The threat came barely two weeks after the Federal Ministry of Labour and Employment responded to the workers through a letter, which the ULC said “largely failed to adequately address the critical issues raised in our demands.”
The union issued the strike threat after an emergency meeting of its National Administrative Committee, which was held jointly with the National Strike Committee in Lagos.
In a statement signed by the President, ULC, Joe Ajaero, the union urged Nigerians to take precaution and stock up necessities, saying, “The strike will be very effective as we hope to cripple all modes of transportation within the nation; ensure a total blackout nationwide; cut off petroleum product supplies; and disrupt banking operations, which will make life a bit more difficult for Nigerians.
“We regret these consequences on all of us, but we hope that these measures will help us create a nation that is better governed for the benefits of Nigerian workers and Nigerian masses.”
Ajaero said that the strike had become necessary having earlier issued a 14-day ultimatum to the Federal Government as a result of the decision of the Central Working Committee meeting of the congress on August 22, which expired on September 8, 2017.
He said that in view of the government’s rejection of the demands within the 14-day ultimatum, the ULC ordered an immediate issuance of a seven-day final strike notice, which would expire on Friday.
He added, “This course of action, though very painful to us at this time, is the only alternative available to us as we have exhausted all known peaceful processes towards an amicable resolution of the dispute.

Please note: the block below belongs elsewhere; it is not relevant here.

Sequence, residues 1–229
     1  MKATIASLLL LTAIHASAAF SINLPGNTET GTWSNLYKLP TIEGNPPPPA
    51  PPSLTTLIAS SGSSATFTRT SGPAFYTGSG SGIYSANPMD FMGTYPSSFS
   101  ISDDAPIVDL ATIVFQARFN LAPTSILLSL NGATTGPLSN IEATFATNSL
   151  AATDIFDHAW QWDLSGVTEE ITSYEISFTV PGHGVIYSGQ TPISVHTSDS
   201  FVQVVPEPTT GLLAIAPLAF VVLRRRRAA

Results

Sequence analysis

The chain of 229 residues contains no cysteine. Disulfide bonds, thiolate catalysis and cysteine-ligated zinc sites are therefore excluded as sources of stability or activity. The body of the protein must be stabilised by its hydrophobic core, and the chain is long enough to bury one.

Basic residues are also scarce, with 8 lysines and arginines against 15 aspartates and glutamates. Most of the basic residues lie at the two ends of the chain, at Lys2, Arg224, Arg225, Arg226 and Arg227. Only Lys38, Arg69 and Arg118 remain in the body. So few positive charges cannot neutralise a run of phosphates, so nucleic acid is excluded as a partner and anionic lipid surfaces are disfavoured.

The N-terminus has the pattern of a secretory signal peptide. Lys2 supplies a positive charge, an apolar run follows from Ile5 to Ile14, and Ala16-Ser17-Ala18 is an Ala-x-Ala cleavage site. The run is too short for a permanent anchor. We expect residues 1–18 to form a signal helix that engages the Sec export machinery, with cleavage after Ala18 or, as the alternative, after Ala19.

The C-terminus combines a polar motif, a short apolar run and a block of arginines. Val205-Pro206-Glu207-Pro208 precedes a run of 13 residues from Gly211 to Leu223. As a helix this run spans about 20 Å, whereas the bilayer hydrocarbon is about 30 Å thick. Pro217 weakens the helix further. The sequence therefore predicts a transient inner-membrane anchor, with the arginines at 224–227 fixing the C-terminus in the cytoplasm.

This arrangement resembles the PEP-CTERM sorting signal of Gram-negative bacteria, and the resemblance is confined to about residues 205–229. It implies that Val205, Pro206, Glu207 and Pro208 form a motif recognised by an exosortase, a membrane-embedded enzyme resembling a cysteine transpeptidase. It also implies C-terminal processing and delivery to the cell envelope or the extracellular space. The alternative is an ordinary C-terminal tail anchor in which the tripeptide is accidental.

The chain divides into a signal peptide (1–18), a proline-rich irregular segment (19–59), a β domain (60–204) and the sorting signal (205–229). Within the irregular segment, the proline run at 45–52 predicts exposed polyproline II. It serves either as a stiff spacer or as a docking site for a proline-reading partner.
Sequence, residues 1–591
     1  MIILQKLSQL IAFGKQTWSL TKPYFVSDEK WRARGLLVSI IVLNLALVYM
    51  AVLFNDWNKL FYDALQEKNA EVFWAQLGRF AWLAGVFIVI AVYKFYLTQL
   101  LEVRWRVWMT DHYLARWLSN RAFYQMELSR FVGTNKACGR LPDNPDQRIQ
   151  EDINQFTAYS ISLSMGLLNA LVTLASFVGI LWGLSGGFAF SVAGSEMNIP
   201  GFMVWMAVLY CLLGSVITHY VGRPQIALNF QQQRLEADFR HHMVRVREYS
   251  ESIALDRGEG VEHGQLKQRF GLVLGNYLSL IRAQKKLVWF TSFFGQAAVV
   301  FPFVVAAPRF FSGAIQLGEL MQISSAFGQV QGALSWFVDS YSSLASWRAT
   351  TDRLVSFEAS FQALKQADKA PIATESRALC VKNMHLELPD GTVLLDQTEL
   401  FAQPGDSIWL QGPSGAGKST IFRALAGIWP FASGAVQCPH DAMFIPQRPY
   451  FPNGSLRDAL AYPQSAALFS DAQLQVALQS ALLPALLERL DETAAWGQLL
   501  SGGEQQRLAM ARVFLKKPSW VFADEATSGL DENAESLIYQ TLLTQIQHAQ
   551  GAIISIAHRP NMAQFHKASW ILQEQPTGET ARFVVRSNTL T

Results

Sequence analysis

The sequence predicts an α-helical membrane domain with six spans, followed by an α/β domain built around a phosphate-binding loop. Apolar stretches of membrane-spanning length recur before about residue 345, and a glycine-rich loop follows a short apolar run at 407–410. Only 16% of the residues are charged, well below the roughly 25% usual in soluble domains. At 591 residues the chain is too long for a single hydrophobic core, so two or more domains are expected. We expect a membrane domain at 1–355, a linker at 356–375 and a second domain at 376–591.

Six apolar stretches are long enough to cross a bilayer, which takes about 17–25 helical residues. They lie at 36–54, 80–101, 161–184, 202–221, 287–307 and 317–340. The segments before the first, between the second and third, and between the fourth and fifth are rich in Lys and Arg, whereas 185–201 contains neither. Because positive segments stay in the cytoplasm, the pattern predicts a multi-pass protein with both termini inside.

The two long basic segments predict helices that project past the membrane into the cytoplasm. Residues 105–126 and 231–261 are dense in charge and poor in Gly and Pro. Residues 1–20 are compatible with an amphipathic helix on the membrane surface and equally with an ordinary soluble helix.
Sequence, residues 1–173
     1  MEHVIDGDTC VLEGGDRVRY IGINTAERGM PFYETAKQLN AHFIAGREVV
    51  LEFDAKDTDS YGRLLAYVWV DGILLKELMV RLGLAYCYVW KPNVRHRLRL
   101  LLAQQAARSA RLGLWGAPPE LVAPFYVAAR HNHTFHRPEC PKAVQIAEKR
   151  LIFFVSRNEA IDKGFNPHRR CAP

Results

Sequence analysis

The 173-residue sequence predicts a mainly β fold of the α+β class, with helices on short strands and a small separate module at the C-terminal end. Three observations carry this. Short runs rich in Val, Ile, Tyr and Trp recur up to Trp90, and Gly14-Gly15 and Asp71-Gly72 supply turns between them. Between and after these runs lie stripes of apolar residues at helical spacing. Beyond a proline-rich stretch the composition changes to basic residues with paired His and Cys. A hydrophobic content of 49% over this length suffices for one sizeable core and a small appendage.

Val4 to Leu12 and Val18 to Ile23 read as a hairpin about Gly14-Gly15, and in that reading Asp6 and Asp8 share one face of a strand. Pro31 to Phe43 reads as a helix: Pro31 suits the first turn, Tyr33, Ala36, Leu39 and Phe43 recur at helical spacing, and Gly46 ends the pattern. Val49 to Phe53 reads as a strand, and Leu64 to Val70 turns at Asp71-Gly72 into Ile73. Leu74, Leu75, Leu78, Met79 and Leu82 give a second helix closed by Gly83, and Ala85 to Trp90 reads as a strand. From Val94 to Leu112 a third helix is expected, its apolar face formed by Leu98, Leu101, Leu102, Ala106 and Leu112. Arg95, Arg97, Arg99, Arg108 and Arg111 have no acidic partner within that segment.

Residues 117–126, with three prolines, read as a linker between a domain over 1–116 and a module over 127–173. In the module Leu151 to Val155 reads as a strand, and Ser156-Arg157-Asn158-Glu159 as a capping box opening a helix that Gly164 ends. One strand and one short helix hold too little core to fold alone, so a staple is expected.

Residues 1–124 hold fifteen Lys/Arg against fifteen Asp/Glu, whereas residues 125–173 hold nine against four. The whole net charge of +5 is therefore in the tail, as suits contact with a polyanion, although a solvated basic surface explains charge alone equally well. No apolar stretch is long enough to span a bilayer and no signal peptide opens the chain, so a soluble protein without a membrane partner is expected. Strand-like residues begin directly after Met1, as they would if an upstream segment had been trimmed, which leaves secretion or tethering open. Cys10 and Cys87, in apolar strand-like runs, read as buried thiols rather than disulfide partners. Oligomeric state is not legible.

“We, therefore, call on all genuine patriots to join hands in solidarity with us to urge the Federal Government and state governors to be kind enough to meet the demands of Nigerian workers and masses.”
The demands of the union include the immediate payment of all arrears of salaries owed workers at all levels of government without exception.
Ajaero added that other demands were that “the Federal Government honours its 2009 agreement with university lecturers under the umbrella of ASUU quickly and commences negotiations with them on new issues so that our universities will re-open.
“The roads leading to all the petroleum refineries and depots nationwide be repaired by the government to avoid the present carnage, wastage of products and properties on these roads.
“That the government should demand that the Federal Ministry of Labour and Employment set up a task force immediately to carry out factory inspections as most of our factories are death traps.”
The workers are also demanding an immediate review of the privatisation of the Power Holding Company of Nigeria, among others.